…Sliding into the Twenties

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As 2019 fades away into the past, surely the best news about what has been accomplished this year is the story of Greta Thunberg and her crusade to make people aware of the climate crisis. Thunberg sailed across the North Atlantic to speak to world leaders about those changes and how they will affect young people. Government leaders listened politely, young people mounted parades and protests, but almost no government or individual did anything to confront the crisis. Young people heard her voice, but the older people who control the world seem to be deaf to it.

Greta Thunberg

If world leaders could not hear the protests of young people, they might at least look across the world to see some of the reasons for the protests. Australia has been suffering from massive wildfires and days of record-breaking high temperatures. Antarctica is losing ice at triple the rate of only five years ago. Whether it is heat or cold that you worry about, both are growing more extreme. The thousands of people who have been displaced by changes in the climate will swell to millions. And those people will keep moving as their homelands become unlivable.

Wildfires in Australia 2019

Meanwhile, two yellow-haired men, one in Britain and one in America swell up and bellow at the world to stop turning and retreat backward. Denying climate change and the global changes it will bring, they long to return to a patchwork of tiny national states huddled behind flimsy walls. Like King Canute ordering the ocean to stop its incoming tides, the forces of change won’t listen or care. Bob Dylan was right when he told us half a century ago, “the times, they are a-changing”.

But there are still signs of hope in the world. We still have young people like Greta Thunberg and her followers. And we still have the voices of writers who remind us of our shared humanity. Two books that I’ve read in the last month are especially hopeful. One is Patti Smith’s The Year of the Monkey, and the other is Hisham Matar’s A Month in Siena. Both of them are meditative works that tell of journeys—the kind of journeys that writers and artists have been taking for centuries. Where would we be without individuals who can share their thoughts with us?  

In Year of the Monkey, Patti Smith tells us about a trip across the country from California to New York and back again. She travels through dreams and reality, as she thinks about friends who are dying and people both living and dead who are still part of her life.

A Month in Siena also tells of a journey. Hisham Matar goes to Siena to look at paintings and at the city. His trip comes after other trips he has made to his native Libya attempting to discover what happened to his father, a political activist who disappeared into prison years ago. Both the centuries-old paintings he absorbs and the people he meets in the city make it possible for him to connect with the world he lives in and shares with us.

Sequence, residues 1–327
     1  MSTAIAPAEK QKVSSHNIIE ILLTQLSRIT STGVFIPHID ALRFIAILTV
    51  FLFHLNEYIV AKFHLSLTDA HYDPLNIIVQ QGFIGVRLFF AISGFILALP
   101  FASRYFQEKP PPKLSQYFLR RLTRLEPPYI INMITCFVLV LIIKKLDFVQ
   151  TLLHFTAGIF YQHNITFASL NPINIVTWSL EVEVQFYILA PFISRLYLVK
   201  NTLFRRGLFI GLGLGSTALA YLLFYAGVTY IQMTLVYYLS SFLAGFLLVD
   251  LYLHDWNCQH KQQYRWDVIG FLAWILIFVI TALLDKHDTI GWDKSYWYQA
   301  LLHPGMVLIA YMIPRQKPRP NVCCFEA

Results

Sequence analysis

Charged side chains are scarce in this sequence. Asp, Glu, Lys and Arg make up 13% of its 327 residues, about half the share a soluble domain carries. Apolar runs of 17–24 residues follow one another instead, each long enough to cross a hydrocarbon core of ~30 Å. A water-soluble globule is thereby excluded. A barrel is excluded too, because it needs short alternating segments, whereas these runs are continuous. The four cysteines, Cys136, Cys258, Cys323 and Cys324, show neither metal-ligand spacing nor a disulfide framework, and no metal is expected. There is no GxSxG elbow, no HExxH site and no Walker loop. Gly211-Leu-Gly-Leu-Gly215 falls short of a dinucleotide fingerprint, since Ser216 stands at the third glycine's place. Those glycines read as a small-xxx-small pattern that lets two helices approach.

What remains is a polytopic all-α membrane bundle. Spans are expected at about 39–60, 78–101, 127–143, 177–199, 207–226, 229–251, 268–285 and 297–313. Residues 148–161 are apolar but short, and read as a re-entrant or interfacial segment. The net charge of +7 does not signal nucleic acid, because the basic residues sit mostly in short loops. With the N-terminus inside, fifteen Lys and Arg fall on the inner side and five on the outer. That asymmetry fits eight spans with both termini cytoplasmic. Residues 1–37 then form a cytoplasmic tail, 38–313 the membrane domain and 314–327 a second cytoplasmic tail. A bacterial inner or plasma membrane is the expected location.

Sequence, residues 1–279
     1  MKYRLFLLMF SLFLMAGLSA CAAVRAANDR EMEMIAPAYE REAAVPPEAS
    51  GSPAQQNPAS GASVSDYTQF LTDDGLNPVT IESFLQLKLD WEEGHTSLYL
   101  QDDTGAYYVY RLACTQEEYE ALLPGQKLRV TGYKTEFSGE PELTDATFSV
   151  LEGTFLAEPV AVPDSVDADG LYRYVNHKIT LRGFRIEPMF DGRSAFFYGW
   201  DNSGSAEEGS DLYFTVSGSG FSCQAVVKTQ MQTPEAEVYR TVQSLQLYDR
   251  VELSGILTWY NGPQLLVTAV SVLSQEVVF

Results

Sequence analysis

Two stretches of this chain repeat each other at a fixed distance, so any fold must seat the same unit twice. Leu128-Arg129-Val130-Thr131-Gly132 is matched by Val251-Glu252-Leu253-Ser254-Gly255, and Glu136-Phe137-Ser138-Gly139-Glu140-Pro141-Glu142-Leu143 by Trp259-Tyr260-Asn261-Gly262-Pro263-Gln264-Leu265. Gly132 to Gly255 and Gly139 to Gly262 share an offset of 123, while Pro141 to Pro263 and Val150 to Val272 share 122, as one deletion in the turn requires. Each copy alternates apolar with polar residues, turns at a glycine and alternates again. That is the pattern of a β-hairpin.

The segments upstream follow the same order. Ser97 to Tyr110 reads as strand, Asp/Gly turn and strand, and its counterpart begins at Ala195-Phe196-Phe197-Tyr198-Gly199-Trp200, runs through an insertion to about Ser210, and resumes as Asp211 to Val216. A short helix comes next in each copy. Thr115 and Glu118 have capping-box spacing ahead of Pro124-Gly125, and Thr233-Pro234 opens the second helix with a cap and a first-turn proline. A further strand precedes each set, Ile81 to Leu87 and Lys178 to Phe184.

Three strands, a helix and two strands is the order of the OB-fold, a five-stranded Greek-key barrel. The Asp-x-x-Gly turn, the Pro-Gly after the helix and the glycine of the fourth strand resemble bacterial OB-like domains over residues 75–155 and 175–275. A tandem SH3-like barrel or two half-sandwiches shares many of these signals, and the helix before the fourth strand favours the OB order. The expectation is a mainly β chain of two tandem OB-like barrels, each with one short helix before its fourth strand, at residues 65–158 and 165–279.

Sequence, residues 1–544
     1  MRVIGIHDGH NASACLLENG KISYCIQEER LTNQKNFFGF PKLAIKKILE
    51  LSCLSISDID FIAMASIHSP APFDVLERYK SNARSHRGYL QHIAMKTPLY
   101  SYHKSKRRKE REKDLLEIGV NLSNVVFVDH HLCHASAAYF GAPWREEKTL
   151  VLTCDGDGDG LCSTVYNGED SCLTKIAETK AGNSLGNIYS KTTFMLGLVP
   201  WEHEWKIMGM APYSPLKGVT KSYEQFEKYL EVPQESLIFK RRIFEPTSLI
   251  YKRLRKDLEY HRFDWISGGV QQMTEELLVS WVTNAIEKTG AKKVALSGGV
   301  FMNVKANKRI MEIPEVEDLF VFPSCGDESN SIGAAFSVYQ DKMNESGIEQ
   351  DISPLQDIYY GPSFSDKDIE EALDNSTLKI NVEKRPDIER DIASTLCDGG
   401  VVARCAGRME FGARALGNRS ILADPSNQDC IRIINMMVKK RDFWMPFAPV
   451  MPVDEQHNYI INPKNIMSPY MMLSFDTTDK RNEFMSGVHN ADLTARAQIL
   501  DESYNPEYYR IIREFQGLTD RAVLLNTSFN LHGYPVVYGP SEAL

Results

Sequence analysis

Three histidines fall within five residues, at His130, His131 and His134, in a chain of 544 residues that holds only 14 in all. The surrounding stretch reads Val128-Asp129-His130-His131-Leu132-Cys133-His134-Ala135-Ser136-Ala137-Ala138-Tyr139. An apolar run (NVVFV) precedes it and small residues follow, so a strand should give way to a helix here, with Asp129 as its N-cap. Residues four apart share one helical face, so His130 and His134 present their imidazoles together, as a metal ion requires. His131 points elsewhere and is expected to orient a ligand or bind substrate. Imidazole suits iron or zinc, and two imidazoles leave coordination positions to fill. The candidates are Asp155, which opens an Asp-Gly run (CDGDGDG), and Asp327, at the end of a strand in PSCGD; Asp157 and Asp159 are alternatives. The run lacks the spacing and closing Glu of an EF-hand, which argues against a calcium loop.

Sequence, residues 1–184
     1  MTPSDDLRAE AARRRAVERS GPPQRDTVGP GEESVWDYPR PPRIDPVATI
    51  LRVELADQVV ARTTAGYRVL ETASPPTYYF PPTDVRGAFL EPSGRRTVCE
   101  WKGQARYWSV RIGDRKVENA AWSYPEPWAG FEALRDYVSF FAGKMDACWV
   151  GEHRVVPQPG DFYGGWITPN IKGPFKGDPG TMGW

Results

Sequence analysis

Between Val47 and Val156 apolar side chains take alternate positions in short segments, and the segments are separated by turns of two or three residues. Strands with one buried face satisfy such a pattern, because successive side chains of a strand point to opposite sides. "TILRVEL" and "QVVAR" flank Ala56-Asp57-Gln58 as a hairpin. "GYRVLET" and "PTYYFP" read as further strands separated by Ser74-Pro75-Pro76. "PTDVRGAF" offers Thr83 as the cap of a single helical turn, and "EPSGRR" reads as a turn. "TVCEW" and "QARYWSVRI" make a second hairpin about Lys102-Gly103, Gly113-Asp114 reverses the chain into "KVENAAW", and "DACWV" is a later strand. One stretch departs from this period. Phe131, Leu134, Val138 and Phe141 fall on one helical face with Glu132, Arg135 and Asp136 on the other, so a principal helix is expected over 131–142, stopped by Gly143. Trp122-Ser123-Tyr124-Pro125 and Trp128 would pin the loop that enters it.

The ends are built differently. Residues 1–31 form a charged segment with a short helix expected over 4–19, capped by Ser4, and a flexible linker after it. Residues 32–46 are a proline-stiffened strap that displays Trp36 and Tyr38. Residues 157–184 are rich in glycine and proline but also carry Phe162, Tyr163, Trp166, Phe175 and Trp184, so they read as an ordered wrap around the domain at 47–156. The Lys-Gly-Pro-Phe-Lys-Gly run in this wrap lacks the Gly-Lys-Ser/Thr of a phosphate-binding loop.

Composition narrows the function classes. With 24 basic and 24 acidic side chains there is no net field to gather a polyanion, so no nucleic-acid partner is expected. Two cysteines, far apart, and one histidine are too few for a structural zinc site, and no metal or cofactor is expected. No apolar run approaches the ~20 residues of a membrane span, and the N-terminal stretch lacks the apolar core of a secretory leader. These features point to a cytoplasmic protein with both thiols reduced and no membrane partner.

Both Smith and Matar give us a humane view of how people can meet one another and share feelings and ideas. Perhaps the best news we can find as 2019 ends and the new decade begins, is that books and art survive. Perhaps they will help us all to confront the inevitable changes coming as the century grows older.     

Why Are Humans Such Slow Learners?

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Here in California, the prospect of Thanksgiving has been tarnished by the series of disasters that have hit the state. Wildfires are raging in both Northern and Southern  parts of the state. And the effects of the fires are felt widely. Even in San Francisco, which is miles away from the nearest fire, the smell of smoke hovers over us and this week the sky has an ominous yellowy-greenish hue, schools are closed, people wear masks and still they cough.

The wildfires are only one example of the way the natural world has been changing our view of the power of nature. The long, hot summer and disastrous hurricanes have affected the lives of people throughout the country. All the measures that we have taken to tailor weather to our preferences are failing us. We can’t spend all of our time hunkering down in our air-conditioned houses and cars. Nature is taking its revenge and forcing us to consider how we live and work.

Climate change is an undeniable fact, yet we still elect politicians who refuse to recognize what’s going on. Why do some politicians find it so difficult to accept scientific facts?  And why do voters, even in a year of Democratic triumphs like these midterms, continue to vote against measures that might help? A recent article in the Atlantic Monthly tells us how difficult it has been to confront the realities of climate change.

It’s not as though the idea of climate change hasn’t been discussed for years. The medieval idea that the world is unchanging and that human beings have no influence on it was challenged more than 200 years ago by Alexander von Humboldt, one of the greatest scientists the world has ever known, although much of his work has been forgotten.